Gargoyle rumored to stare

By Hayden Perkins

DeKALB — The world is full of legends, myths and scary stories to tell in the dark. While some of these myths are obviously fake, others are just real enough to keep you awake at night. A few of the tales on campus include stories such as the Freshman’s Seat, a stone chair located on the rim of the East Lagoon. It was well-known on campus that each freshman girl must be kissed on the seat before they officially became a coed, according to a Dec. 2, 1960 Northern Star article. Looking at the legend now, it seems like the perfect spot for a Valentine’s Day kiss.

Some stories are a little more strange, such as the legend surrounding the ornate stone gargoyles outside of Altgeld Hall. One legend that has been around since before the ‘50s claims that if a virgin was to pass under the archway outside of Altgeld Hall, the gargoyles would turn and grin at each other, according to a Sep. 18, 1959 Northern Star article. Tammy Scheck, senior environmental studies major, and Pick Museum Curator Laura McDowell Hopper both said that they had never heard the legend of the staring gargoyles.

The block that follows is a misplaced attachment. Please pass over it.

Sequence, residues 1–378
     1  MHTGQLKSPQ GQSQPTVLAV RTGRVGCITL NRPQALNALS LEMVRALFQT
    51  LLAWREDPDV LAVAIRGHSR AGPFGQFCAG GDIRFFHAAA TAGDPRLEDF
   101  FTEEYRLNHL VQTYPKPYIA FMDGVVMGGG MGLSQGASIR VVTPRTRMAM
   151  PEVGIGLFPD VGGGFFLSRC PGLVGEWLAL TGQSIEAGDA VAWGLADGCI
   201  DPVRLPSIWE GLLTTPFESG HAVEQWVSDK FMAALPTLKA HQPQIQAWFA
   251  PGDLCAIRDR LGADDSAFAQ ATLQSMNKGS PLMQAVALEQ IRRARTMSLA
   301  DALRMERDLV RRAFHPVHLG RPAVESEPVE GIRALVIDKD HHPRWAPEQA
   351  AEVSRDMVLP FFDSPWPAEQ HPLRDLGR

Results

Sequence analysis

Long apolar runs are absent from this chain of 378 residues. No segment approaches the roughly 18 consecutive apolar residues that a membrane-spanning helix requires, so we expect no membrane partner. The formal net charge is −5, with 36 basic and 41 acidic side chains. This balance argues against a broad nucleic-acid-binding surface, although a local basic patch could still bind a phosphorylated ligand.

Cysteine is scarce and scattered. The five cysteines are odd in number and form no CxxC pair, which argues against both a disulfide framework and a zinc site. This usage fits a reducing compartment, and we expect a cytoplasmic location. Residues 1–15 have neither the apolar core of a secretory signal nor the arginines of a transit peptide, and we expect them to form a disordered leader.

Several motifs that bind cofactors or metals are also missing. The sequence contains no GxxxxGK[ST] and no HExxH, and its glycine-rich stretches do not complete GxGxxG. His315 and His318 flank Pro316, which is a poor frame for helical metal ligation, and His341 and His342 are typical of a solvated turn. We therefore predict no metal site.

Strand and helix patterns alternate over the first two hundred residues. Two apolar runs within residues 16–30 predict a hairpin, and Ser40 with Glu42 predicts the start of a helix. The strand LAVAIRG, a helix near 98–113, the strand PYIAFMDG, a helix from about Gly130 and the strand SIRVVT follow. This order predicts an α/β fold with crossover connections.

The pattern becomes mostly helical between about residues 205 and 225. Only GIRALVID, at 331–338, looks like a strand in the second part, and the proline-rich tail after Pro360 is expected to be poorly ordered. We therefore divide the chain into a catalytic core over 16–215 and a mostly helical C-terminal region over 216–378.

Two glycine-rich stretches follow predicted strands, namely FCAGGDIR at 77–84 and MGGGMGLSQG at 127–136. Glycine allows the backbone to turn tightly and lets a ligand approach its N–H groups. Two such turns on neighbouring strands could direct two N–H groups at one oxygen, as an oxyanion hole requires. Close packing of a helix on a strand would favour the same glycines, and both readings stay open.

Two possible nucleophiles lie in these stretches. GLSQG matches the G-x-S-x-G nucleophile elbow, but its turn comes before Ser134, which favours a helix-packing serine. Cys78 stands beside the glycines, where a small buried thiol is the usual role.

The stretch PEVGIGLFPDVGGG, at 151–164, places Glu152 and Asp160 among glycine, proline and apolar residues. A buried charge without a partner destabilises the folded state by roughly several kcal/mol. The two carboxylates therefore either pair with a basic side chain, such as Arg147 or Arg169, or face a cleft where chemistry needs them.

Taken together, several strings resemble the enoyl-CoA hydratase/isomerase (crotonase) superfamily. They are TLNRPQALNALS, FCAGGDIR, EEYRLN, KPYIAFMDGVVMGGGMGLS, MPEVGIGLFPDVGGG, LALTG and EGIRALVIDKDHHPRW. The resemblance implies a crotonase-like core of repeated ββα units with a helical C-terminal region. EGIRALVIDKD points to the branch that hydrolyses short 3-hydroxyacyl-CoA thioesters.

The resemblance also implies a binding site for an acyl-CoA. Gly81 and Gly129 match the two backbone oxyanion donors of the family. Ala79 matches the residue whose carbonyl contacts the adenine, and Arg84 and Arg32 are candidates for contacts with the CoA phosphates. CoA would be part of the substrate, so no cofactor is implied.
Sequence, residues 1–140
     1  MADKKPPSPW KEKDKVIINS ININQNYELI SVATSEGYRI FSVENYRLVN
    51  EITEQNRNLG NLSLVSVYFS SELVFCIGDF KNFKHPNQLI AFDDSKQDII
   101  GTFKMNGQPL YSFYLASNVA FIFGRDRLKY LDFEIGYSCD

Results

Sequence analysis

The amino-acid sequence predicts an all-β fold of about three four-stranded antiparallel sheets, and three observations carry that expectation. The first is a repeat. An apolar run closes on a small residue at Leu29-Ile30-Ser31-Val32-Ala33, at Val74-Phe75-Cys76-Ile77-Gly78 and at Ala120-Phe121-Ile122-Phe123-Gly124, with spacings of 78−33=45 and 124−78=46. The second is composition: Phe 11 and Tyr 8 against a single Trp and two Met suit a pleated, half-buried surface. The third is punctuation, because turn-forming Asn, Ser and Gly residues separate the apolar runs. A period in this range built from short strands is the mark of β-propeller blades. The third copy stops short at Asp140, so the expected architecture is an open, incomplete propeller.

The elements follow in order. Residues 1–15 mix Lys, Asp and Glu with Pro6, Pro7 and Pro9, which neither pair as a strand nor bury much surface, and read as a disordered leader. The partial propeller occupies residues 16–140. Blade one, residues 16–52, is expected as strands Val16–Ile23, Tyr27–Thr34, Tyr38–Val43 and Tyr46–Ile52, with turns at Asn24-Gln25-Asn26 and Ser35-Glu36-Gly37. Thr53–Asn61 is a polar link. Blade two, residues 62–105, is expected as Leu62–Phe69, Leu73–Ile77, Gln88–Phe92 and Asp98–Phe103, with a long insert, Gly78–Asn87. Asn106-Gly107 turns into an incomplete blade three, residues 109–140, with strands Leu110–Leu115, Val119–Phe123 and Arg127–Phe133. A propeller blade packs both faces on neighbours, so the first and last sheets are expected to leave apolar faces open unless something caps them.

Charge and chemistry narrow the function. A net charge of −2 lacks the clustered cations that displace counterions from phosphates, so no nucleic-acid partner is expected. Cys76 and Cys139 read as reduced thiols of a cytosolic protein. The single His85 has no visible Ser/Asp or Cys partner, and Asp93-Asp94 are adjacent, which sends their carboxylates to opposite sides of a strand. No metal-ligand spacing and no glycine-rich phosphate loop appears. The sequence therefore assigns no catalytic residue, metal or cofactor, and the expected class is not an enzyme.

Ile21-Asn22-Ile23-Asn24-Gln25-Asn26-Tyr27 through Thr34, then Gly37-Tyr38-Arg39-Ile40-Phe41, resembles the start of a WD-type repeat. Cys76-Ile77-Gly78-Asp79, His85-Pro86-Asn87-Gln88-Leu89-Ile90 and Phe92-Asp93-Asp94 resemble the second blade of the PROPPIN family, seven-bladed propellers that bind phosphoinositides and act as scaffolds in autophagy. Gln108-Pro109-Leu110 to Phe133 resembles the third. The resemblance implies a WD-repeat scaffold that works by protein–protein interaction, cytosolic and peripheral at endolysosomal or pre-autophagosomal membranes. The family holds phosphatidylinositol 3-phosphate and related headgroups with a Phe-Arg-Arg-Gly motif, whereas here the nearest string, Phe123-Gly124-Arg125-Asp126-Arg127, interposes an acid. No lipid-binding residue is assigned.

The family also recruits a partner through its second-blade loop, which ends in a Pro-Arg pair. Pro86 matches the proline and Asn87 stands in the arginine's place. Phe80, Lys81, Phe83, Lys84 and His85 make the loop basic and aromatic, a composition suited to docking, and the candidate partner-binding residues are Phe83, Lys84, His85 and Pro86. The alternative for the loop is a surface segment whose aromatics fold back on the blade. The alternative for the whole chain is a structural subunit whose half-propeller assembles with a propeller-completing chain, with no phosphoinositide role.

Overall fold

Another legend concerning the stone gargoyles on campus has a long, painful history with the school. Located right next to Altgeld Hall, one particular statue, nicknamed Olive Gargoyle, was reportedly struck by lightning in 1966 and blasted from its perch atop the castle. Over the course of the past few decades, its head has even been stolen and replaced with gag heads for years until finally being repaired in 2013, according to a Roadside America article. If students look closely enough, the discoloration between its head and body is apparent.

“I haven’t heard about the staring gargoyles before,” said Rebekah Ernat, senior biology and anthropology major. “I have heard that if you touch the Kishwaukee River, you’ll never leave DeKalb.”